When we are ‘conscious’ of something, we are aware of it. So the conscious mind, in psychology, refers to all of the thoughts and memories we have that we know we are having.
The unconscious mind is a psychological concept that addresses the opposite. It refers to the part of our mind that we can’t readily ‘hear’. This includes thoughts and memories that we don’t know we are having, or that we have ‘repressed’ (hidden from ourselves).
The standard metaphor used here is that of an iceberg. We see the tip of the iceberg (the conscious). But beneath the water can be a huge body of ice that goes many kilometres down (the unconscious).
Does the unconscious really exist?
Even with the advancements of neuroscience, the brain is in many ways still a mystery.
It’s obvious that many processes of the brain are automatic and beyond awareness. Cognitive psychology research has, for example, proven that we take in far more information than we can consciously recognise. And it’s true that there are sections of the brain, like the amygdala, that have their own, different ‘memories’ of events from the past. Also, some parts of the brain seem more connected to our conscious awareness of ourselves than others.
So we can say there are ‘unconscious workings’ of the brain. Saying there is ‘an unconscious’, though, isn’t really accurate. The ‘unconscious’ is not a neuroanatomical structure. There is no special ‘closet’ in the brain that hides things. The brain is more a series of systems and patterns, with some of these conscious and some perhaps more accurately called ‘nonconscious’.
Referring to the ‘unconscious’, is, however, still a good ‘shorthand’ and valuable psychological model for understanding the ways we think and feel.
Subconscious mind vs unconscious mind
It is a subject of ongoing debate – are the unconscious mind and the subconscious mind the same, or different?
Some schools of thought make special differences between the two. This includes theorising the subconscious is where thought processes we are unaware of are, and the unconscious is where we hide things that are to threatening or overwhelming to know, like unacceptable ideas and traumatic memories.
In truth, when it comes to psychology, Freud, who was the one to popularise both these terms. He actually first used these two terms to mean the same thing. But he then favoured just the term ‘unconscious’.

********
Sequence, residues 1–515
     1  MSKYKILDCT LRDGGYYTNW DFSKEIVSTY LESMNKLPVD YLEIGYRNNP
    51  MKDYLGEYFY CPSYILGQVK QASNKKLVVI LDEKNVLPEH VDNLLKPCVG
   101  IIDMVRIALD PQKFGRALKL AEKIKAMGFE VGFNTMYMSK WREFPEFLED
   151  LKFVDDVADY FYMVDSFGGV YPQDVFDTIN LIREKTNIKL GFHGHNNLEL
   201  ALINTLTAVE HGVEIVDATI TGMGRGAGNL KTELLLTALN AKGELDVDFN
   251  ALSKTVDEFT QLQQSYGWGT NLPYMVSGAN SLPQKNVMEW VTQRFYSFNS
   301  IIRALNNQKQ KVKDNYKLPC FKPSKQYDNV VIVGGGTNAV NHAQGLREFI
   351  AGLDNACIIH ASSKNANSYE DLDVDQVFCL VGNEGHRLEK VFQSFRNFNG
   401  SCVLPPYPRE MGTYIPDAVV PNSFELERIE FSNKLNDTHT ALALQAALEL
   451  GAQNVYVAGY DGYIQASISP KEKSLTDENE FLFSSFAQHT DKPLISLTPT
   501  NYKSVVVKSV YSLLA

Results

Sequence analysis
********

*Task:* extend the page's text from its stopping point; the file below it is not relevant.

Today, most mental health professionals and scientists just stick to the term ‘unconscious’.
Freud’s theory of the unconscious
Freud, seen as the father of psychoanalytical psychotherapy, did not create the concept of the unconscious. The idea of an unconscious part to our mind could be seen as going back thousands of years, to such ancient texts as the Hindu Vedas even. But he made the term an important part of psychotherapeutic thought.
Freud decided the mind had three main sections, the conscious, the preconscious (like a waiting room for thoughts we aren’t currently aware of but can call up when needed), and the unconscious.
Freud saw the unconscious as a hiding place for things we feel are threatening to our existence if we were to accept them, or that we judge as irrational. These include desires, primitive impulses like ones of a sexual and aggressive nature, difficult memories, and traumatic experiences.
In order to avoid ever facing what is in the unconscious ,we create what Freud called ‘defence mechanisms’ (read our article explaining common defence mechanisms for more on this).
The tools of psychoanalysis were designed to help your therapist ‘tap into’ and interpret your hidden unconscious storehouse. These include free association, dream analysis, and verbal ‘slips’ that you might have heard called ‘Freudian slips’.
Freud’s model has been heavily contested, especially with advances of neuroscience and new ways to carry out cognitive research.
But what is useful to take from Freud’s theory, and the idea that is still really behind most modern ‘talk therapies’, is that it is often our unrecognised thoughts, memories, and feelings that make us unhappy and drive the behaviours that make us unhappy. Using techniques that help you unearth and process such ‘unconscious’ blocks can lead to making better choices for yourself, and to feeling better in general.